These last passages are done in line with [29] to which we refer for further details. Note that the and correlators are obtained in a similar way leading to

(A.8) |

and

(A.9) |

It is important to notice that the set of , and correlators satisfy the Ward identity

(A.10) |

This fact is related to the structure of the frequency and momentum dependent factors in front of the expressions of the correlators. As a consequence, the contact term proportional to is not fixed by the Ward identities or, in other words, it is not constrained by symmetry requirements. All the arguments about the contact terms that we have described in relation to the transverse sector can be repeated for the longitudinal sector.

## Appendix B Quasi-normal modes

In order to characterize better the strongly coupled plasma under study in the main text,
we report here an analysis of its internal modes.
The retarded correlation function accounting for the electromagnetic response of the plasma presents poles at specific values for the momentum and
frequency of the external perturbation.
Such poles correspond in the dual gravitational picture to quasi-normal modes of the black hole solution (see for instance [33, 29, 34, 35, 25, 22, 23, 36, 37]).
To find the dispersion relations between and of the above-mentioned quasi-normal modes it is enough to look at
the zeros of the inverse of the correlation function.
These solutions can be represented
(for instance) as complex functions of the real frequency^{21}^{21}21It is important to underline that these dispersion relations between and are
the ones associated to the quasi-normal modes of the plasma and they are different from the dispersion relations for the electromagnetic modes
supported by the plasma and discussed in the main text. Indeed the first ones come from solving the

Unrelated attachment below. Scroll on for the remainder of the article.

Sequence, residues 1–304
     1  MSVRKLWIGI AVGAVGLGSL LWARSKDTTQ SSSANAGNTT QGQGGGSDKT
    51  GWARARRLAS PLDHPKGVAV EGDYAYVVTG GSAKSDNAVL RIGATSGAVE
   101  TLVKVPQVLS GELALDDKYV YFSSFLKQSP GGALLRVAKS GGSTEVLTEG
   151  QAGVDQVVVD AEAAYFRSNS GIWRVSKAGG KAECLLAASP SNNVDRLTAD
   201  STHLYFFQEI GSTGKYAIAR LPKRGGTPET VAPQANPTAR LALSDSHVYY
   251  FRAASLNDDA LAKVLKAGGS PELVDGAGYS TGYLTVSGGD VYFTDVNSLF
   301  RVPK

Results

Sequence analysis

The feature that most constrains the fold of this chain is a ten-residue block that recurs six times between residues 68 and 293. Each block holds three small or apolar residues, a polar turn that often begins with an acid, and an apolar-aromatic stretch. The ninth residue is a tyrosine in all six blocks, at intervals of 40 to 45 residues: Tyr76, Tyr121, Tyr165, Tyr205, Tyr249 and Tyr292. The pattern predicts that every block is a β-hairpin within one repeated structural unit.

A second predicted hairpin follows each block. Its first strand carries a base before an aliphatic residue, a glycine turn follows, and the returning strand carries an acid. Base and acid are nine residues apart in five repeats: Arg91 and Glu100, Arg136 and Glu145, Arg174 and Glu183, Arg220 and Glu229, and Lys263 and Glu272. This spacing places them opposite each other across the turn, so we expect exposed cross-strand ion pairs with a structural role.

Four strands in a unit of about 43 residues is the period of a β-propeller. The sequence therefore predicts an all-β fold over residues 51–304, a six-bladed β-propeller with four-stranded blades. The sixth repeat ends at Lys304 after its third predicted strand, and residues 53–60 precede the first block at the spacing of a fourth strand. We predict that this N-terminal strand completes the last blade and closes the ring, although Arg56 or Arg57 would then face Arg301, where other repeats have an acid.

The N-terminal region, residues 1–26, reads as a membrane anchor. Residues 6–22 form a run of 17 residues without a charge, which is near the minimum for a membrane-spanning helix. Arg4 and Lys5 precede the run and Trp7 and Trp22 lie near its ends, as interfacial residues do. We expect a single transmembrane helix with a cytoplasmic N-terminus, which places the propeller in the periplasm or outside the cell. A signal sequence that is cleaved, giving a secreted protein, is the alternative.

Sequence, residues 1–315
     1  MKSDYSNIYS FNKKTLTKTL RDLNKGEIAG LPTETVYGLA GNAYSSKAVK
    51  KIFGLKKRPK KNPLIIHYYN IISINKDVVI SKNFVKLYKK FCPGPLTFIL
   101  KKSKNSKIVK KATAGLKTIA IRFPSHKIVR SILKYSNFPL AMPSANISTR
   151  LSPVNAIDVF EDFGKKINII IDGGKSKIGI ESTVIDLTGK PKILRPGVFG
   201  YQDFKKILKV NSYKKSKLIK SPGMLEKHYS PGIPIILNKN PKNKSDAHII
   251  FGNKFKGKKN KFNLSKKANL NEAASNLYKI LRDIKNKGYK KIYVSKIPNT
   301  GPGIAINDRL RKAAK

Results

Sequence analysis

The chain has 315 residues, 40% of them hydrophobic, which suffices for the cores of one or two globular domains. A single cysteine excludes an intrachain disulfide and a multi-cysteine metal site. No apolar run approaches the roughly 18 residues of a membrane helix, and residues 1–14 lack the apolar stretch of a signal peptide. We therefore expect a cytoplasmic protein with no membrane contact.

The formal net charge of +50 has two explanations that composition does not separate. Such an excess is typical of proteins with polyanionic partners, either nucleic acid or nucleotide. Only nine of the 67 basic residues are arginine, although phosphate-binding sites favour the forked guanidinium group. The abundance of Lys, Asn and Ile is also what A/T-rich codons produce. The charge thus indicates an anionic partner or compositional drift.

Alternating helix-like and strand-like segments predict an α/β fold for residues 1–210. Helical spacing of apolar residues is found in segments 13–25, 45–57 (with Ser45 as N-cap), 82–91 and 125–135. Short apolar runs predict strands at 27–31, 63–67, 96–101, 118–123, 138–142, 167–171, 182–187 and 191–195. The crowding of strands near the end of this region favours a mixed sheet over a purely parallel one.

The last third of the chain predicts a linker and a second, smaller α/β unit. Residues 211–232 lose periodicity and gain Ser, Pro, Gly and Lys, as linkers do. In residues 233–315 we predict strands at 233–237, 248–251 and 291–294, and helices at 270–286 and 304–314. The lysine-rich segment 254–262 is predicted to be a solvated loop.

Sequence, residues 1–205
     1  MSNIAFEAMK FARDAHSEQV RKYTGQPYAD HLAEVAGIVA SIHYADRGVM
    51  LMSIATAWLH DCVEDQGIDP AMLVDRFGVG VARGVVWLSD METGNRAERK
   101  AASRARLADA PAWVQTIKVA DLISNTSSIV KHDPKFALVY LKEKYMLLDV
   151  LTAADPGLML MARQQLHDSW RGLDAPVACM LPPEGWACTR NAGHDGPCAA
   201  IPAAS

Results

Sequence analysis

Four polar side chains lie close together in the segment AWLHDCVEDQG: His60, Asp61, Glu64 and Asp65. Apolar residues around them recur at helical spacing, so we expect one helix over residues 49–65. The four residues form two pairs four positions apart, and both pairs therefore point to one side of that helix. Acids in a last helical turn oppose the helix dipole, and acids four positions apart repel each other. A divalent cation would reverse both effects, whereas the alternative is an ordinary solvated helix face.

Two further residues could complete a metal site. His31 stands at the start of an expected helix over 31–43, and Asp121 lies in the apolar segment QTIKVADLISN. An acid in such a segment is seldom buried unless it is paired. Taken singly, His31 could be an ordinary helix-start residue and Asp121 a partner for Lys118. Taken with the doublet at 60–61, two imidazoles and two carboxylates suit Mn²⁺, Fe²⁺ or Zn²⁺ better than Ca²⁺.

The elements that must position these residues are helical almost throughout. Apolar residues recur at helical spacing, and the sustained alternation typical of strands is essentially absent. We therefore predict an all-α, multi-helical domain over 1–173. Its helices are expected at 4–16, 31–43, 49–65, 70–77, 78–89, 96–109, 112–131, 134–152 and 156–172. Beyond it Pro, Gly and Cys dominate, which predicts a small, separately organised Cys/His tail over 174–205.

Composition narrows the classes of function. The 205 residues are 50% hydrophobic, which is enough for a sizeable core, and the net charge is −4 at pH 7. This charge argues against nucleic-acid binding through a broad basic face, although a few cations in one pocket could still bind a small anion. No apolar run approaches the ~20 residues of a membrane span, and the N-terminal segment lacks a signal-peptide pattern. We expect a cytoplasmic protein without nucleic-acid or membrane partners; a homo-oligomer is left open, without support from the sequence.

equations: , while the second ones solve equations which look approximately as
and ..
In this Appendix we perform a characterization of the first quasi-normal modes of the plasma both in the longitudinal and transverse sectors.

The results for the transverse sector are summarized in Figure 7. All the modes we found are qualitatively similar: they all show a finite imaginary part and null real part for as the frequency goes to zero.

Such circumstance corresponds to having a highly dissipative (and non-propagating) set of modes at low frequency. At higher values of the frequency, however, the real part of increases until it becomes significantly bigger than its imaginary part. The modes are then propagating for higher values of the dimensionless frequency .

The longitudinal sector features different kinds of modes (see Figure 8): we have a diffusive
mode whose complex momentum vanishes as the frequency goes to zero.
This is the hydrodynamical longitudinal mode discussed^{22}^{22}22We also checked explicitly that at low frequency this longitudinal hydrodynamical mode
is well approximated by the diffusive pole structure with diffusion constant
(referred to dimensionful and ).
in [30].
The remaining modes are closely analogous to those we found in
the transverse sector. They have a purely imaginary momentum as the frequency vanishes.
The numerical investigation leads us to imagine that we have an infinite tower of such modes which again are strongly dissipating at low frequency.

As a final comment we want to underline that whenever possible we checked our results with [23].